top of page
  • Do you need planning permission to work from home?
    This really comes down to whether the impact of what you're proposing to do is acceptable or not. For example you may want to convert an existing room such as a box room, loft room or even your garage into a little home office or if your plans are for altering an existing room in your home you need to consider if there is enough room for your desk, enough natural light and space to get all your office furniture in. Don't forget about having access to the internet and a telephone line too. Alternatively, you can do what I have done in the past when working from home and get yourself a little building in your back garden which you can convert into a small office. The key thing to take on board is whether or not the overall character of your house will change as a result of your business activities. If what you're proposing has a negative impact, you need to ask yourself the following questions… Will your home be no longer be used mainly as a private residence? I have known that you can change up to 30% of the floor area of your house to business use. As long as at least half of your house is still residential use I think that would be acceptable. As a rule of thumb, I would say try not to use over 30%. Also, have a think about whether or not customers will be visiting the house? Will you need additional parking and would that affect your neighbours? Something else to think about, the activities you are doing within your business, would that be unusual for your area? For example, If you put a building in your garden to do some light engineering work would the noise upset your neighbours? Think about the hours of work, and again it's down to whether you're going to cause undue disturbance whether it's down to noise or even smells. I’ve known people who have wanted to start up a small catering business from home, they're making cakes and curries etc and you have to think about whether cooking at 2 am would upset the people who live around you. There's also the consideration of whether renting out bedrooms to tenants or lodgers constitutes a business. So the key question is, is your home still mainly your home or has it become business premises?
  • How can I object to a planning application?
    It's all very well getting your planning permission approved but what if you see a planning application, for example, a neighbour is putting in a planning application and you don't like it, you want to object to the proposal, what can you do? When a local planning authority receives a planning application, the law requires it to give publicity to the application in several ways. This allows those who may be affected by it to have to opportunity to make their views known. The advertisements of the publicity for the application quite often includes publishing a notice in a local newspaper, posting a public site notice as you'll see on gates/posts/fences and neighbour notification in form of a letter which is given to the occupiers and owners of adjoining properties. You’ve got to remember the impact and balance of what the application is doing, you cannot complain about an application because you feel it might reduce your house value. Just because they wanted an extension, do bear in mind that what if you were in an identical situation and you wanted an extension on your house. Would it be unfair to object against theirs if you want to do it yourself? Once again, it's all about balance. You need to write down your planning concerns and any relevant points then send them to the local planning authorities planning department. There is usually a case officer allocated to deal with each application. You can always send a letter to the enquiries desk at the planning department if you don't know who the case officer is, always try and include a planning reference number and the address on the application if you can.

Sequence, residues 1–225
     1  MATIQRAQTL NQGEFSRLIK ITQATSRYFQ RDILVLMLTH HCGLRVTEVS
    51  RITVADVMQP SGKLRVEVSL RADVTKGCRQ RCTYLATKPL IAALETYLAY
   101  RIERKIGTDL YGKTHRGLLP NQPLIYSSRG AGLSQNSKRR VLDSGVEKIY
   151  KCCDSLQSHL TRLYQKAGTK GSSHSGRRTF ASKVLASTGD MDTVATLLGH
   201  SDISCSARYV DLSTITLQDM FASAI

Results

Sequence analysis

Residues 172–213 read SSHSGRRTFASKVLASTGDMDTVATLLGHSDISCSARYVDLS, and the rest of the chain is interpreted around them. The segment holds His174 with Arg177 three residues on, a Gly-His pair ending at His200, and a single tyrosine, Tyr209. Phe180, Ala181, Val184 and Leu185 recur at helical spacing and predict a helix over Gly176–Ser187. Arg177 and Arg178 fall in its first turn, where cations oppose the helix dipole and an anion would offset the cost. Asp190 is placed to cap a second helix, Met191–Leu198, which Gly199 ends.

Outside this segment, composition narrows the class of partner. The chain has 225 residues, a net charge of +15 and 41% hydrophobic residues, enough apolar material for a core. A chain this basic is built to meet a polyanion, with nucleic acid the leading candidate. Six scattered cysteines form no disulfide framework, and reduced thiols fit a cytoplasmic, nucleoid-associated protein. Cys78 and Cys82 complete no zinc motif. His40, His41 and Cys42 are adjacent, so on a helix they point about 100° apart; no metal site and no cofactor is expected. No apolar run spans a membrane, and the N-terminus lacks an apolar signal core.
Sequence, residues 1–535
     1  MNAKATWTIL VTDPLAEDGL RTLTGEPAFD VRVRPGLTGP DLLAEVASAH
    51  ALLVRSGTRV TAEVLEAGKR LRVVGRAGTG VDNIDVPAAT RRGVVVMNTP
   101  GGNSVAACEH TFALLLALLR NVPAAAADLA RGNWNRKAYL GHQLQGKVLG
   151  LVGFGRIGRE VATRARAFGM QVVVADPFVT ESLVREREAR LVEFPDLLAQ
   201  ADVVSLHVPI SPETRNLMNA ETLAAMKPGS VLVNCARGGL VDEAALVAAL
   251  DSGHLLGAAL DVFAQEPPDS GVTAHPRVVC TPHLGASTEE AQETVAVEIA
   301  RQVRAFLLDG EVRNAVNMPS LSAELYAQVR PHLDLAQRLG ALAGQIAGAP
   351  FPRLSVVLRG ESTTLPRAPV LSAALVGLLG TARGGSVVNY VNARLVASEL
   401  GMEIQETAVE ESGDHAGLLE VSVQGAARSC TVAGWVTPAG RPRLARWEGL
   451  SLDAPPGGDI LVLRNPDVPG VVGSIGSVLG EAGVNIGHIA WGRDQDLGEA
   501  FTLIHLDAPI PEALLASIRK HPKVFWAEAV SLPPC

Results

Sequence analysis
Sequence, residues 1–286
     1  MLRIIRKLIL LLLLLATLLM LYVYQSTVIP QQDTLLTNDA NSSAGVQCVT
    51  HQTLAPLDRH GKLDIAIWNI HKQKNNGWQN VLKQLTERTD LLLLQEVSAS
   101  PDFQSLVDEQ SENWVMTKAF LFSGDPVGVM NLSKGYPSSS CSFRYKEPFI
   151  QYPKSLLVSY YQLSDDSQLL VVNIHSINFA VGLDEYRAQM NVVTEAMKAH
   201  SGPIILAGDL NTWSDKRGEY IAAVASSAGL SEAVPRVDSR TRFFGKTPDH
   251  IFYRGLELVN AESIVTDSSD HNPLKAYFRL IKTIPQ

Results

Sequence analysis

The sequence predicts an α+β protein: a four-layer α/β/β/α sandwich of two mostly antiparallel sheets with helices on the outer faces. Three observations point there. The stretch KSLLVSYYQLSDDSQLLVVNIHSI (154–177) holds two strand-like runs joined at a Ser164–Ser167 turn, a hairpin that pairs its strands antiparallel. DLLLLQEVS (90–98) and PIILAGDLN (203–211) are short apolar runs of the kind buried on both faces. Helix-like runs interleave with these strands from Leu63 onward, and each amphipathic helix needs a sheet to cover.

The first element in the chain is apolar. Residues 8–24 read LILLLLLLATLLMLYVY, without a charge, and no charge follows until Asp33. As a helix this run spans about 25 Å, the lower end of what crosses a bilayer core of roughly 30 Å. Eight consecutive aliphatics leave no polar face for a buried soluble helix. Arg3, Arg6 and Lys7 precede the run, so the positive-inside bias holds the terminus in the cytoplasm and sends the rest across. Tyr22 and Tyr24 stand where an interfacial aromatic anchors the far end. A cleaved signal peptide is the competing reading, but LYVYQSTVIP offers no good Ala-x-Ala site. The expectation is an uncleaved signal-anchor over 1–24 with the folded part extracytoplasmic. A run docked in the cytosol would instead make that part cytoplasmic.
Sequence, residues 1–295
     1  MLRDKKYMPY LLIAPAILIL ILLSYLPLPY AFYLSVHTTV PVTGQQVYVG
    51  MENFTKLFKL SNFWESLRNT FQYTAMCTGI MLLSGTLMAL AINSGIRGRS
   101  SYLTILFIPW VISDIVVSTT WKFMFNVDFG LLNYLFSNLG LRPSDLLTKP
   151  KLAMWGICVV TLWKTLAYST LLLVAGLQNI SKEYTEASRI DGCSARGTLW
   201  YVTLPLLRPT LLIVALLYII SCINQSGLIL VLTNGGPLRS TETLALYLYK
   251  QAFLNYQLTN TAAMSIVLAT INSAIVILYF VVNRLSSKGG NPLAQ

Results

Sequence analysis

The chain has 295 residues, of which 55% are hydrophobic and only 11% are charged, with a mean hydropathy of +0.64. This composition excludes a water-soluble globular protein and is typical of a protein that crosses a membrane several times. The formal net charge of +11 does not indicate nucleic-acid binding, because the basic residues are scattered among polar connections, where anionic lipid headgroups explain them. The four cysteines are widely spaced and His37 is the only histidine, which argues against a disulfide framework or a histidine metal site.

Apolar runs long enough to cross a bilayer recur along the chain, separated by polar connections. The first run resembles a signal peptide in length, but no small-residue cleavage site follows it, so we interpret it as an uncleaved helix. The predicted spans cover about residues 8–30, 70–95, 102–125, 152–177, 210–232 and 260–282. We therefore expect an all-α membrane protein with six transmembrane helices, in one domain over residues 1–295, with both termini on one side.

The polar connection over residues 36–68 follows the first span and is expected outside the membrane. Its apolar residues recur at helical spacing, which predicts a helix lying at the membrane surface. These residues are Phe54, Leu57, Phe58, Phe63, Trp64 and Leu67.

• How do I ensure that my planning application has the best possible chance of being approved?
    I believe that planning is all about a careful balance between the impact and the acceptability of your proposal. If you look at this from an impartial point of view and you look at a proposal and you think it's a little outrageous or wouldn't be acceptable then surely the local authority and planning officers would look at it the same way. You couldn't put a thatched cottage in the middle of a high street nor could you put a house of multiple occupations with lots of parking in a sleepy village. It has to be a careful balance between what you think would be acceptable in a location against what the neighbours would want. I appreciate that some neighbours are likely to hate everything you want to do but if you look at it subjectively, you'll see whether something on the balance is acceptable in terms of the impact that the development will have, if you always get that balance right, you will always get the best result. More often than not, the planning officer will ask for amendments to your planning application and usually ask for it to be changed slightly, this may because they feel it has too much of an impact and harshness about it and therefore as it stands, they don't think it is acceptable. The extension may be too big or the house is too tall, maybe the roof shape doesn't fit in with the neighbours. It's all about the balance of the impact and what is acceptable. Some of the major things to consider when making a planning application and getting that balance right are the loss of privacy, overlooking and overshadowing, is what you’re trying to do going to affect your neighbours? Also, consider highway safety, traffic, traffic noise and is there enough parking? The location of where you want to build is also very important, is it next to a listed building or in a conservation area? What about the layout and the density of what you're trying to do. Think about the materials, if you're trying to have something which has a sand and cement rendered wall as opposed to nice matching brickwork. Things like nature conservation, will you be upsetting the local wildlife? These are all sorts of things which should be considered when making a planning application, remember it's a careful balance of the impact and whether it's acceptable. If it's got a very little impact, it's more likely to be acceptable and therefore your planning application is more likely to be approved.